One of the many advancements in medicine has been the use of genetic testing in determining the probability that an individual will develop a life- threatening illness or condition. Knowing that you or your children are not at risk of a major illness can be of great comfort while knowledge to the contrary can be of great value in preventative treatment and planning. There was a growing concern, however, that individuals would be very reluctant to undergo genetic testing if knowing the results could affect their ability to properly insure themselves or impact their opportunities for employment. As a result, a private member’s bill, Bill S-201, was introduced in the senate resulting in the Genetic Non-Discrimination Act being recently enacted into law.
What does the Act do?
It is now illegal for employers, insurance companies, or any other entity or individual to require anyone to undergo genetic testing or to disclose the results of a genetic test before entering into a contract which provides goods or services. Now, if you apply for life, disability or critical illness insurance living benefit coverage, you cannot be denied coverage due to the results of a genetic test. Insurance companies and their agents are also prohibited from “collecting, using or disclosing” the results of a genetic test without an individual’s written consent. Penalties for not complying with the new law are severe. Read more
The recent developments in investment markets and the volatile performance that has resulted have brought about a new appeal to an old workhorse. For investors looking for a diversification in their investment portfolio and a more tax efficient fixed income investment alternative, a compelling argument can be made for the use of Whole Life Insurance.
Why is Whole Life Insurance a good investment?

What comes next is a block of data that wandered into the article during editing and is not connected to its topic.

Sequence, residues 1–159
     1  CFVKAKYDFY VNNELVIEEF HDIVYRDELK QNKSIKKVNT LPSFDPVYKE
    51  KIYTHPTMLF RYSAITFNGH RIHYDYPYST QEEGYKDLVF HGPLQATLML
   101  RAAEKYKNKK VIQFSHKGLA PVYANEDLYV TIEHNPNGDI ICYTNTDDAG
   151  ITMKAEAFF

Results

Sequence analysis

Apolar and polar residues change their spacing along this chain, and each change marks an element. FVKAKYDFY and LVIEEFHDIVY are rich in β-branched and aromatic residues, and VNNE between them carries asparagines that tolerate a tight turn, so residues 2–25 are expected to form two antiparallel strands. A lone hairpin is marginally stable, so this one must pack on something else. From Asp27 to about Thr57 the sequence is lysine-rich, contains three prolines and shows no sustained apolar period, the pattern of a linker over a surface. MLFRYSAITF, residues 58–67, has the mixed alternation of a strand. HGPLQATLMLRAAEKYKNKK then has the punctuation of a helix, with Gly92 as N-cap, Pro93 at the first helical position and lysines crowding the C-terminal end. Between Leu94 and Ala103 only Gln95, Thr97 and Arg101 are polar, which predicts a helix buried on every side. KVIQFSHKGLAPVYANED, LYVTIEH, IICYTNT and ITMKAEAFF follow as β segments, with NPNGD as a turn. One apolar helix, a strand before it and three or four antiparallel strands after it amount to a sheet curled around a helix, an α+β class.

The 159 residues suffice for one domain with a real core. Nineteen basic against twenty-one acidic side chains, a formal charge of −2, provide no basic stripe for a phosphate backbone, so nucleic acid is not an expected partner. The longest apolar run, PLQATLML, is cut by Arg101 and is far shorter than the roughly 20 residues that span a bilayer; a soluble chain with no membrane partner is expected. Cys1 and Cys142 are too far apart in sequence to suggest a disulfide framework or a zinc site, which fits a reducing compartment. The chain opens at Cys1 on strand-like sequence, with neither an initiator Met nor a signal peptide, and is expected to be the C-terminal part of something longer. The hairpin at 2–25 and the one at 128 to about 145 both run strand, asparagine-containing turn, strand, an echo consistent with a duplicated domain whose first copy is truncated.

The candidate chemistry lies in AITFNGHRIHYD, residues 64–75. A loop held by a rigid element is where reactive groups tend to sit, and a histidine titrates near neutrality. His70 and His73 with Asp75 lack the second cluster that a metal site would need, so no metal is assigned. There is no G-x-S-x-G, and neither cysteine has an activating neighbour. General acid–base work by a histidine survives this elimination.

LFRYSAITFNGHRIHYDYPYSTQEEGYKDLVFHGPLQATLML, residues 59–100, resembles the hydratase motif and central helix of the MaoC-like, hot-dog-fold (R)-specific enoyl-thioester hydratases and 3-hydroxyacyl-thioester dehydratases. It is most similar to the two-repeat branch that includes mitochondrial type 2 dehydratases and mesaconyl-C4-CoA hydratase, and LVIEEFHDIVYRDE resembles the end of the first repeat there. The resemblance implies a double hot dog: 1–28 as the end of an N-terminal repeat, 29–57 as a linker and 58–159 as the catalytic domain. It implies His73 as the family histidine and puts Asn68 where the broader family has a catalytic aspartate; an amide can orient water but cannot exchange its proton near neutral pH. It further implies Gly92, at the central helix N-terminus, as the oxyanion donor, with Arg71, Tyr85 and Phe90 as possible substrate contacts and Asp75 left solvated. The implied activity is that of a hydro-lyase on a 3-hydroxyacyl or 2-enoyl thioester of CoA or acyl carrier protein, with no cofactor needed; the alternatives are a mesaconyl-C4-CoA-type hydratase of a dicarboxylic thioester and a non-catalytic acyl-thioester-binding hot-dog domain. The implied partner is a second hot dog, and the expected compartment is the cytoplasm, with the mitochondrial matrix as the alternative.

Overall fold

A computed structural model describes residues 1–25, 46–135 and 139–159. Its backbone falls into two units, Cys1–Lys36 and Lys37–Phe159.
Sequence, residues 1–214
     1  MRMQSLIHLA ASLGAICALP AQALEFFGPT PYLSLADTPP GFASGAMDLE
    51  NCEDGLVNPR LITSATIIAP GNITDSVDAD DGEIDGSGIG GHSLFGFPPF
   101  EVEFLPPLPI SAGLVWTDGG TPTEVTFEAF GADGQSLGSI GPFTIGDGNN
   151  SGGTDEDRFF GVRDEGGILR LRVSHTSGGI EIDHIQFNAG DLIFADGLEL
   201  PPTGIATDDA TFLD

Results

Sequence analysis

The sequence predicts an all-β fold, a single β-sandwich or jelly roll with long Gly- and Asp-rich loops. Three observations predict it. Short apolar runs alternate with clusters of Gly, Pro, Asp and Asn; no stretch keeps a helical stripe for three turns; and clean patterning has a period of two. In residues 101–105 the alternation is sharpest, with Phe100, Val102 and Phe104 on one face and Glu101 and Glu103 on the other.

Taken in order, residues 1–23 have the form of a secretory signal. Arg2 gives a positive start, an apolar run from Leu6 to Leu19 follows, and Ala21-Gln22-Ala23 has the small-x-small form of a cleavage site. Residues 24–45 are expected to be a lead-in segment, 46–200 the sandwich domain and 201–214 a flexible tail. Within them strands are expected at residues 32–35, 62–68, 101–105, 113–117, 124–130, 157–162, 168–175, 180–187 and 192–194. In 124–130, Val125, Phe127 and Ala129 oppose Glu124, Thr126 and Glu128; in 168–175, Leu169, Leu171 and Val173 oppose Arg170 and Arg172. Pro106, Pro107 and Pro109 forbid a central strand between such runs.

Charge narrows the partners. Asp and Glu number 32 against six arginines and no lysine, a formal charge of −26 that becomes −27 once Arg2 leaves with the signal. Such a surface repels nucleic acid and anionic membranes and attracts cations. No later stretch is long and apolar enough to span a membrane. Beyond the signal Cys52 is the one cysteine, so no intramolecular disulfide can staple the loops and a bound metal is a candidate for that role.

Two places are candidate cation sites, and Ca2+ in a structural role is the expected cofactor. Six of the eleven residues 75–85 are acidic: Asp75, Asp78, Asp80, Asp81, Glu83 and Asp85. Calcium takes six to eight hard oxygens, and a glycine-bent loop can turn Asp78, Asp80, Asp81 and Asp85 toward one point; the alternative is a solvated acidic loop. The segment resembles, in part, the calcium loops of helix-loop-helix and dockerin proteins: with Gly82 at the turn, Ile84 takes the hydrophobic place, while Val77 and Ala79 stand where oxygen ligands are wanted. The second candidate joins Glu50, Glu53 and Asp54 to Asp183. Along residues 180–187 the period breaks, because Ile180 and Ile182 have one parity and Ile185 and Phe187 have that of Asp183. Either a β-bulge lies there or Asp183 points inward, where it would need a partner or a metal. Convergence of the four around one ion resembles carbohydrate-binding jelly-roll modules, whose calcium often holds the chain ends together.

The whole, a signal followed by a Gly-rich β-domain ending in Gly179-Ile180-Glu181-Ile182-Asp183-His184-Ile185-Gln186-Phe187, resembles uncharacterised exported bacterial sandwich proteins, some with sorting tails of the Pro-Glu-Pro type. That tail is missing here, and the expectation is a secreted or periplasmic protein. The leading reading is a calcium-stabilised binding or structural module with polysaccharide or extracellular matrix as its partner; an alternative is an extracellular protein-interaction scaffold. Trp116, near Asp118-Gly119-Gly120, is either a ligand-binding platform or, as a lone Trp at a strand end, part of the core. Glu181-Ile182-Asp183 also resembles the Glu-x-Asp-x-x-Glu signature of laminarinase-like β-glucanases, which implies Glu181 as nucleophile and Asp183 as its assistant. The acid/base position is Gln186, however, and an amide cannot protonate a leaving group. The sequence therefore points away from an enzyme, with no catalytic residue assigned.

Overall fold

- The tax advantaged steady growth, combined with significant estate benefits are the primary reasons why Participating Whole Life is now being thought of as a new investment class.
- Unlike other accumulation policies such as most Universal Life policies, mutual funds and other equity investments, the cash and dividend value of a Whole Life policy cannot decrease as long as premium payments are made.
Many individuals have realized their charitable aspirations by donating a life insurance policy to the charity of their choice. In situations where that donation is a Universal Life policy, the use of a Shared Ownership strategy could prove to be a viable investment for the donor.
Shared Ownership refers to an arrangement involving cash value life insurance policies such as Universal Life. Universal Life combines life insurance with an investment fund which grows tax deferred until the cash value is withdrawn. If the cash value is paid out at death, the growth is tax free.
Under Shared Ownership, the life insurance and the cash value would have different owners and beneficiaries and would be structured as follows: Read more
If you are interested in creating a legacy at your death by making a charitable donation, you may wish to investigate using life insurance for that purpose. There are different ways you can structure life insurance for use in philanthropy. The most common are:
Getting an Existing Life Insurance Policy
If you currently own a life insurance policy, you can donate that policy to a charity. The charity will become owner and beneficiary of the policy and will issue a charitable receipt for the value of the policy at the time the transfer is made, which is usually the cash surrender value of the existing policy.
There are circumstances, however, where the fair market value may be in excess of cash surrender value. If, for example, the donor is uninsurable at the time of the transfer, or if the replacement cost of the policy would be in excess of the current premium, the value of the donation may be higher. Under these conditions, it is advisable for the donor to have a professional valuation of the policy, done by an actuary, prior to the donation. Read more